While I Really Like You is the obvious hit here, it’s not the most likeable. The record has no shortage of golden tunes, striking as one of those albums that could easily have seven or eight singles if Jepsen had the star-power of Swift or Katy Perry. Sia’s contributions Making The Most Of The Night and Boy Problems are euphoric, girly tunes that, unlike many Sia-penned hits, manage to distance themselves from sounding like the songwriter. Both of the tracks are laden with funky guitar licks and ‘80s programmed drums – effortlessly melodic, but interestingly so. On top of that you have second single Run Away With Me which easily has the most anthemic chorus on the album, chanting with rushing energy.
The more unexpected, odd moments are the ones that are likely to hook you to E•MO•TION as a full body of work. Hynes is no stranger to pop, having produced for the original Sugababes MKS, Kylie Minogue and Solange Knowles, so it’s no surprise that he delivers a knockout here. All That is the LP’s subtlest moment, slowing the tempo right down and allowing Jepsen to sit right back on the beat. It’s here that we get to really hear the tone of her voice for the first time, maybe in her career, as she delivers a sweet, sultry performance.
Vampire Weekend’s Batmanglij is less known for his commercial work (although he did contribute to Charli XCX’s Sukcer) and his production on Warm Blood is suitably weird and warped. It’s also one of the album’s highlights with drunk synths and pitched-down vocals, turning Jepsen into an electronic disco-queen. “Warm blood feels good, I can’t control it anymore,” she sings in the chorus, creating an aptly warm, comfortable atmosphere. It may be the oddest track on the album but it’s also the one that plays to Jepsen’s strengths the best. It capitalises on her giddy lovelorn lyrics and softens her girlish voice while simultaneously making her cool.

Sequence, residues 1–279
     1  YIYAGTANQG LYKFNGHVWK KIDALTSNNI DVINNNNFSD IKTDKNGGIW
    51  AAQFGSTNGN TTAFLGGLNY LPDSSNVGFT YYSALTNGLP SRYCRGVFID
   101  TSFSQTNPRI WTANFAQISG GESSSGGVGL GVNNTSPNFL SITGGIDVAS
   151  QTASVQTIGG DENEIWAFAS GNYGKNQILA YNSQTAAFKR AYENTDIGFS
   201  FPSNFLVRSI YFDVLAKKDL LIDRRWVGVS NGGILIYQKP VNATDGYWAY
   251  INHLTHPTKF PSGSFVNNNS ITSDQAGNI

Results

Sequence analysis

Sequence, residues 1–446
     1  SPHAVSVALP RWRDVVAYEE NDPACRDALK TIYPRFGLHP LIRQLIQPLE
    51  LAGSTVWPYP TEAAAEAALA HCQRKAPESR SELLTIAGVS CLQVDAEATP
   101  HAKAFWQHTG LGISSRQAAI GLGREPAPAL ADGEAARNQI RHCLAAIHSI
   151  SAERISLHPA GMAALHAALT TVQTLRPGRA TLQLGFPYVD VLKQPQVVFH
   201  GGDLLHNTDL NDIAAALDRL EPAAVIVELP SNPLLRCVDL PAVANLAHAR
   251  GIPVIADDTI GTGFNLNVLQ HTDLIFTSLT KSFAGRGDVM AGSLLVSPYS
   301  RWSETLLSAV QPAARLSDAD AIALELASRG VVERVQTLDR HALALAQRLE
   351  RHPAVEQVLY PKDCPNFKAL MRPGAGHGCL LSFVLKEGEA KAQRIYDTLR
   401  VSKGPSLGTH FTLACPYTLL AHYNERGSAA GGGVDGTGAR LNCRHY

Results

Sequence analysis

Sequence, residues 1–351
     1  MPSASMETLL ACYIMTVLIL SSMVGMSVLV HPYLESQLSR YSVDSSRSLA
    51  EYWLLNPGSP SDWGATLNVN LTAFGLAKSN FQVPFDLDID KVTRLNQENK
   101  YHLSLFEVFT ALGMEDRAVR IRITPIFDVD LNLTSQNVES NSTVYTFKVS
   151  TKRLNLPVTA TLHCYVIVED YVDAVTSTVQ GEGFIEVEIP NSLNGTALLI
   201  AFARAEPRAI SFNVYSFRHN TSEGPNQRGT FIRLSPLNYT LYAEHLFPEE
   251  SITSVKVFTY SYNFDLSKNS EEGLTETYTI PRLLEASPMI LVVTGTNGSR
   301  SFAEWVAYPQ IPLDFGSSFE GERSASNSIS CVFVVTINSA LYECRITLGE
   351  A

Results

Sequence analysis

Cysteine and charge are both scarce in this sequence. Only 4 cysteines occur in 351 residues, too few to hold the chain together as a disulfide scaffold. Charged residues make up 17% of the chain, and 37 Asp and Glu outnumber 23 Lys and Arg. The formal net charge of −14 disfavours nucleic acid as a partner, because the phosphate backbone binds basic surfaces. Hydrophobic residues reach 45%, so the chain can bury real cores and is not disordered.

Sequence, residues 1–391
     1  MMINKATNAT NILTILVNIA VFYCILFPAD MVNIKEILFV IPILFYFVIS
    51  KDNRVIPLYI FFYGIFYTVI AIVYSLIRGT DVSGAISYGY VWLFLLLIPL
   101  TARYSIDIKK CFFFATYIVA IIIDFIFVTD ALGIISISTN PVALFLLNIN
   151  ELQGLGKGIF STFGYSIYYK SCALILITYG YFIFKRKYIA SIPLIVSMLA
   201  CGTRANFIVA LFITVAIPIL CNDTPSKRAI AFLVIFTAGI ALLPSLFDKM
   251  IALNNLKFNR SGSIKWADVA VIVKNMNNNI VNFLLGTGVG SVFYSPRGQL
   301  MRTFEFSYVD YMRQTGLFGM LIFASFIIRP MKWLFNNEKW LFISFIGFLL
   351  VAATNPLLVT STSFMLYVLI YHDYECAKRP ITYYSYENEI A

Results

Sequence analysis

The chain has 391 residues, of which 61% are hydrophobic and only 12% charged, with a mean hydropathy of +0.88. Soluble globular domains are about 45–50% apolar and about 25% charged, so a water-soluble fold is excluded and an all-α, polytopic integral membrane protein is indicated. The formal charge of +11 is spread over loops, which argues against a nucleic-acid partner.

When dissecting the record, the choice of producers is a main focus but that doesn’t mean that Jepsen is merely a robot on the album. She’s spoken openly about how she wanted to make E•MO•TION a cooler, more credible record and she chased down a lot of the producers like Dev Hynes, who she was attracted to after Solange’s Losing You. It doesn’t feel like Jepsen has lost herself in the search for credibility, rather she’s found a better way to relay her tales of boy-crushes and butterfly-ridden romances. None of the dorky charm of Call Me Maybe is lost on this record – on Let’s Get Lost she sings “Baby let’s get lost/I like that you’re driving slow/Keepin’ my fingers crossed/That maybe you’ll take the long way home.” It’s the same kind of what-could-be dreaming that made Call Me Maybe so daggy and adorable.
Over 100 songs were reportedly worked on for this album, eventually whittled down to 12, and yet E•MO•TION is a good example of keeping a pop album on track. When making commercial records, everyone from Rihanna to Madonna have made the mistake of cramming as many genres into 45 minutes as possible but here Jepsen sticks to her guns, revolving around that ‘80s pop sound and barely ever deviating. It’s a consistently tight album that never serves up a dud, never allowing you the chance to come down from your sugar high and doubt Jepsen’s comeback.
When a pop album is this good – full of big hooks, delicious licks and euphoric melodies – there’s no need for snobbery. Jepsen has been very smart in covering all angles, playing both to the radio and the alternative “high-brow” listener. It feels like a guilty pleasure but there should be no guilt in devouring this. E•MO•TION is not only the best pop album of the year but in the upper-echelon of releases this year and the best part is none of us were expecting it.
E•MO•TION is out Friday, 21st August.
Julio Bashmore broke almost three years ago with Battle For Middle You, following it up with Au Seve. At the time, it was a pre-Disclosure climate whereby the club scene was starting to come to terms with the re-emergence of ‘90s house music and the mainstream’s fascination with EDM was only growing.